• What support is available for workers within primary care to undertake work with drug users? Considerable support is required by general practitioners and other workers within primary care. This involves individual supervision and the back-up of the community drugs workers.
  • What structure is required to plan for the adequate treatment of drug users within a locality? Within any locality not every primary care team needs to become involved in this work. It may be possible to identify a number of practices within a particular city, for example, who have developed this particular form of expertise.
  • What reward system can be introduced to pay for the extra work that this client group entails? The new GP contract and many other current changes within the structure and remuneration arrangements of general practice seem to work against this type of detailed work with drug users. In particular the growth of fund holding, the restrictions of prescribing and the emphasis on capitation payments will all tend to make work with drug users increasingly unattractive financially. Enthusiasts have been doing this work, arranging the support and training they require, and developing the service at their own expense. The developing policies will have to consider this aspect and find adequate ways of paying for the service to be provided at primary care level.




These arrangements have been agreed between M, Tom Heller and KM (Rockingham Drug Project Worker).


M wishes to be prescribed injectable Physeptone for a period of time believing that this will help him stabilise his drug use and as a consequence his lifestyle will become less chaotic and more rewarding.

His particular problems at the moment relate to his use of black market drugs which he is injecting 'on top of' his regular oral methadone prescription. He has several financial and legal problems which he feels have arisen out of his use of these additional drugs. He has also been unable to concentrate on his college course which has subsequently suffered due to his lack of attendance and not handing work in.

After a long discussion where many of these issues and others were discussed, the following arrangements have been suggested:

1 M is to receive a daily prescription of six ml ampoules of Physeptone ( 10 mg/ml).

2 He is to pick up his prescription every . . days on . . . day and . . . day.

3 The prescription will be given on this basis for the next 3 months contingent upon all the conditions in these arrangements being adhered to

4 These arrangements and the prescription will be reviewed on ........M is not to use any other substances 'on top of' his prescription.

5 A urine sample will be taken on a regular basis (at least one per fortnight) and will have a full drug screen test. The result will be relayed to all involved in these arrangements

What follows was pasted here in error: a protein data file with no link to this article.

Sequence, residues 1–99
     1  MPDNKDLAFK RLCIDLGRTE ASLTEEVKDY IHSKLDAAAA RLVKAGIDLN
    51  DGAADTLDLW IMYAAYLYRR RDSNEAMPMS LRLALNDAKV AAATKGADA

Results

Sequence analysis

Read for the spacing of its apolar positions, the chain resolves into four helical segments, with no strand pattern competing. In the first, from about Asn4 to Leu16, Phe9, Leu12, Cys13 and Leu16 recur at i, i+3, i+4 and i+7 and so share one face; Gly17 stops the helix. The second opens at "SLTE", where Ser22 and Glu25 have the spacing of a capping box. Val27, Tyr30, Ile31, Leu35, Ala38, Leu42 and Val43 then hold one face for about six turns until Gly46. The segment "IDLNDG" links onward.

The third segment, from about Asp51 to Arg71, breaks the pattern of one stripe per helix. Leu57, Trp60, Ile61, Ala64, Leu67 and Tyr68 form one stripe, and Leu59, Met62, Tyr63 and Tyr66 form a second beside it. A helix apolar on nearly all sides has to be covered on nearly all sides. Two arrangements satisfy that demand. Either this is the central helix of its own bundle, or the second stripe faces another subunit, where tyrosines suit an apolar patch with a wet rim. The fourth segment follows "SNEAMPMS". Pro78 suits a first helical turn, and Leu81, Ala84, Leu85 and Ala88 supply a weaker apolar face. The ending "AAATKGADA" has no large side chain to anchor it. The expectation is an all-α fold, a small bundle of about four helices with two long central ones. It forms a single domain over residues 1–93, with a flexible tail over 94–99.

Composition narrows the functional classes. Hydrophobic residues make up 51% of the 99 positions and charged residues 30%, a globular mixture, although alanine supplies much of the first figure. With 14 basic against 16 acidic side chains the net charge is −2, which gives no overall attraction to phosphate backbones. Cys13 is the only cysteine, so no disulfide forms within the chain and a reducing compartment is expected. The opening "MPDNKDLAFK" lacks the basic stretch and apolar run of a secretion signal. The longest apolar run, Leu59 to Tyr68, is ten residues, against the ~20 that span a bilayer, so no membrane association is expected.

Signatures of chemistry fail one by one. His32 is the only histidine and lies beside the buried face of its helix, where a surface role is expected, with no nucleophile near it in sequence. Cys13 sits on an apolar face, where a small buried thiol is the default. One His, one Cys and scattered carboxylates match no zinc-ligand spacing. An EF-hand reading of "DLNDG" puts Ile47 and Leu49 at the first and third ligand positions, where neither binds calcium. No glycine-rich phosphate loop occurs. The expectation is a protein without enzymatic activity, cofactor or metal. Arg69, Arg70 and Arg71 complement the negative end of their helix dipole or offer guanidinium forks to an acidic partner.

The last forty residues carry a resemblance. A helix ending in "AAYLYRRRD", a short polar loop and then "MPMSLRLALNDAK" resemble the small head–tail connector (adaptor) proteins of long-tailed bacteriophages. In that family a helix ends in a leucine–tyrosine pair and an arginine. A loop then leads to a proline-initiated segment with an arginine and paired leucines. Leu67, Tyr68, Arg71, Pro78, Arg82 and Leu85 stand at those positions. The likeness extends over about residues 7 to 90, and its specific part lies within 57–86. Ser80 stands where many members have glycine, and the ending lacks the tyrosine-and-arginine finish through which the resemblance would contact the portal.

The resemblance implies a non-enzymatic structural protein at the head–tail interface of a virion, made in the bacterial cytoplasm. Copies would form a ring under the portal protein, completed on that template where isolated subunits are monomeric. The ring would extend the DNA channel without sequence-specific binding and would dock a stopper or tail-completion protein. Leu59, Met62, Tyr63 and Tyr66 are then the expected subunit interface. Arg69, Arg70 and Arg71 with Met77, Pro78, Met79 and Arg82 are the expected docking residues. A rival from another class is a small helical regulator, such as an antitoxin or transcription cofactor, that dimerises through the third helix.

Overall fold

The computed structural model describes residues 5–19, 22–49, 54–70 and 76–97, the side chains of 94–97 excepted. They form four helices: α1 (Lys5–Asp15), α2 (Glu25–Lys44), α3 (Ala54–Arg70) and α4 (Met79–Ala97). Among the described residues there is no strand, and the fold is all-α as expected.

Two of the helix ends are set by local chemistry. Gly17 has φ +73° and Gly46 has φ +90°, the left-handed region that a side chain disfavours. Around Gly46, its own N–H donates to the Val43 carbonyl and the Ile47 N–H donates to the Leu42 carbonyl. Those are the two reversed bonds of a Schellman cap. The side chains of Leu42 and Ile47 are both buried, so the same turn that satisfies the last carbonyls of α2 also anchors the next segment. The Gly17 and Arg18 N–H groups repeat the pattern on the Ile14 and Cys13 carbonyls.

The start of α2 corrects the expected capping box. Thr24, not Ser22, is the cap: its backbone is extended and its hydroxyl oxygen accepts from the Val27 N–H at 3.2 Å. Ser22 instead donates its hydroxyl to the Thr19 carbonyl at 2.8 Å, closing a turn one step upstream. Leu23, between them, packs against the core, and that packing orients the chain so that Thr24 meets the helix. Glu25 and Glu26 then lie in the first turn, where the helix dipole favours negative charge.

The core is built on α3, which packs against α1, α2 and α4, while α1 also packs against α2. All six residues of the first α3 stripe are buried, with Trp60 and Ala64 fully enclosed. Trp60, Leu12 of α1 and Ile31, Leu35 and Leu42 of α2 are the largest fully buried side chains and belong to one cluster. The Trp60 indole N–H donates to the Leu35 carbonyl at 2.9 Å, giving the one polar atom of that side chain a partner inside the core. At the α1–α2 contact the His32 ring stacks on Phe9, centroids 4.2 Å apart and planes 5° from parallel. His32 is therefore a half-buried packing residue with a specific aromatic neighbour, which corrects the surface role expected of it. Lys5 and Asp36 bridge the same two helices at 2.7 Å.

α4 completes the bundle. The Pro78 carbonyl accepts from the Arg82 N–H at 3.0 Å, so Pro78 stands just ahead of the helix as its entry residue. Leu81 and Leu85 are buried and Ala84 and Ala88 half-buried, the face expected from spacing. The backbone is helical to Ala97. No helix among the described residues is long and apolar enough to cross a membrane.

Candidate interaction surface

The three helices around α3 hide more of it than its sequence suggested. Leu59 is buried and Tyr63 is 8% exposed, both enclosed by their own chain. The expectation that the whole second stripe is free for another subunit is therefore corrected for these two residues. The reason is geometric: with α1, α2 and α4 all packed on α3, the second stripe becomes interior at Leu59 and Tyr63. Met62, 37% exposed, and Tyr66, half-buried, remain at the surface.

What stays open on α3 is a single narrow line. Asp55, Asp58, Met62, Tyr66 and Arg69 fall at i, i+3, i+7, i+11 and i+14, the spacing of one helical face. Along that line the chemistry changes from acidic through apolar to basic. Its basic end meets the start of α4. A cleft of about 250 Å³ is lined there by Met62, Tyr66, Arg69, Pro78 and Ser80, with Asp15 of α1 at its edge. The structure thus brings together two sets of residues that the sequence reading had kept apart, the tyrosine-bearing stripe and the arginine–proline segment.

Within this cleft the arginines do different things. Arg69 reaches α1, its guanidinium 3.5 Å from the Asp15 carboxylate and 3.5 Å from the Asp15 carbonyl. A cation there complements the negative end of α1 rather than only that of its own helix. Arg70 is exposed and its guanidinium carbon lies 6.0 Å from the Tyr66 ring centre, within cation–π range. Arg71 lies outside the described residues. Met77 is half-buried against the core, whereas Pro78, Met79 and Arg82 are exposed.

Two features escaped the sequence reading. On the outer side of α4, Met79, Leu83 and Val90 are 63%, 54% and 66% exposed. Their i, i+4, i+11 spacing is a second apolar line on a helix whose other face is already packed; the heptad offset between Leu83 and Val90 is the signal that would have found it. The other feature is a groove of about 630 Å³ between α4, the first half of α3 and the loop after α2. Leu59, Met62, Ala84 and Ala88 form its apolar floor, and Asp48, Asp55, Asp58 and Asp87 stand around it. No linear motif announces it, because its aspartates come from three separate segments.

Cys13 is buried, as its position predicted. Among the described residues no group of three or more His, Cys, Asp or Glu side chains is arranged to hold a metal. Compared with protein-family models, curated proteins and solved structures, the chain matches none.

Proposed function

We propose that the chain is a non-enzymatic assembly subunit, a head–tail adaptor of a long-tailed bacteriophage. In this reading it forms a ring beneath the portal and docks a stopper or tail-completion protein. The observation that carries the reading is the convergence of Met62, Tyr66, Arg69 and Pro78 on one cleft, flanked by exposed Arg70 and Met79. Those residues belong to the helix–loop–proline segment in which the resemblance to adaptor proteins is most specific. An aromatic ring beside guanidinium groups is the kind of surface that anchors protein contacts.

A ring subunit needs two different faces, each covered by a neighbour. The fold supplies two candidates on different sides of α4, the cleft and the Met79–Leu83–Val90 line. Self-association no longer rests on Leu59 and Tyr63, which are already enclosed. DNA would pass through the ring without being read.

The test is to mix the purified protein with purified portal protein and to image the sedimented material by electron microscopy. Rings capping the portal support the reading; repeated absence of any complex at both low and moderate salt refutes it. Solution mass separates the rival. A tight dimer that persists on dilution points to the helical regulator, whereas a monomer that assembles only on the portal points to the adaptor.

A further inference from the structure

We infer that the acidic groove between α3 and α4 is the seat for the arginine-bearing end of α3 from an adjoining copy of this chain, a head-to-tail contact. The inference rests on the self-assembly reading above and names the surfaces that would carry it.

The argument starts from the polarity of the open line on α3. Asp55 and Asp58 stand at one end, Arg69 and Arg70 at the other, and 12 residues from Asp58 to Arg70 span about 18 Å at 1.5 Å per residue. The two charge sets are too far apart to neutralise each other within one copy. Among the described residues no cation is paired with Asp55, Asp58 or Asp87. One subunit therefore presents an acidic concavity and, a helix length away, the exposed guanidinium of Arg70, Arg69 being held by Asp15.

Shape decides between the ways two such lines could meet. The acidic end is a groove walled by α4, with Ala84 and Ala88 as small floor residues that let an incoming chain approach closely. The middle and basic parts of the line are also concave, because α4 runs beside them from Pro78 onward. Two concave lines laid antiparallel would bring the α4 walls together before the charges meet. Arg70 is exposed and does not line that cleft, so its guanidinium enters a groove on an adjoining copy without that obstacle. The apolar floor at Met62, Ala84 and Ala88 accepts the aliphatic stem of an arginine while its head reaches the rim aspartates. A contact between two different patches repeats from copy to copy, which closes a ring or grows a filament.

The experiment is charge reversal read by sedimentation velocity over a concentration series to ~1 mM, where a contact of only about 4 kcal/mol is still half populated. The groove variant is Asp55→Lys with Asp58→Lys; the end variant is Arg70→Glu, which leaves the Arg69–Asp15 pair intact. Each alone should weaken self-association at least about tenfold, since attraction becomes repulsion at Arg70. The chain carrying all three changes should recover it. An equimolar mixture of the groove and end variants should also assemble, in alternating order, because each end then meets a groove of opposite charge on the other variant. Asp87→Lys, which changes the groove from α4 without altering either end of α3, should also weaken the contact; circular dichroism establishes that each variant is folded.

6 M has requested to see someone to discuss, in depth, issues relating to his past that he feels need to be resolved. To that end a referral has been sent to central sector mental health team for discussion.

7 The point of altering the prescribing regime is to help M stablise his drug use and minimise the problems that he experiences. It is felt that for the prescription to be continued, some progress should be made in terms of sorting out issues such as rent arrears, legal problems and other pertinent issues. KM has agreed to give what assistance he can in this respect.

8 These arrangements will be monitored by a monthly meeting between all the parties involved. If at any time it is felt that the arrangements need urgent review, then all parties agree to make themselves available at the earliest convenient time.

9 It is important to stress that this period of prescribing is seen as the first stage in a long-term plan. Tom Heller and KM both feel that it is important to work to the goals of withdrawal and eventual abstinence. It is therefore stressed that the prescription of injectables has been agreed for a fixed period of time and will end with the review of this contract. After which, depending on progress and results attained during this period, new arrangements for prescribing, monitoring and supporting M will be discussed.

10 M is to see Tom Heller and KM on a regular basis . through the period of the prescribing agreement

11 Finally, and to reiterate, any deviation or problems arising from or with these arrangements will prompt their early review and possible curtailment.

  • Tom Heller, General Practitioner, Sheffield


Blank, M. And Nelles, W. ( 1993 ) . Educating and training GPs in the management and treatment of drug users. International Journal of Drug Policy, 4, 49-55.

Cohen, J., Schamroth, A., Nazareth, 1. et al. ( 1992). Problem drug use in a central London general practice . Brinsh Medical Journal,304, 1158-1160.

Glanz, A. ( 1986). Findings of a national survey of the role of general practitioners in the treatment of opiate misuse: views on treatment. British Medical Journal, 293, 260-263 .

Thorley, A. ( 1987). Some practical approaches to the problem drug taker. In T. Heller, M. Grant and C. Jeffrey (Eds), Drug Use and Misuse . Chichester: John Wiley & Sons,

Last Updated on Thursday, 23 December 2010 23:21

Our valuable member Tom Heller has been with us since Sunday, 19 December 2010.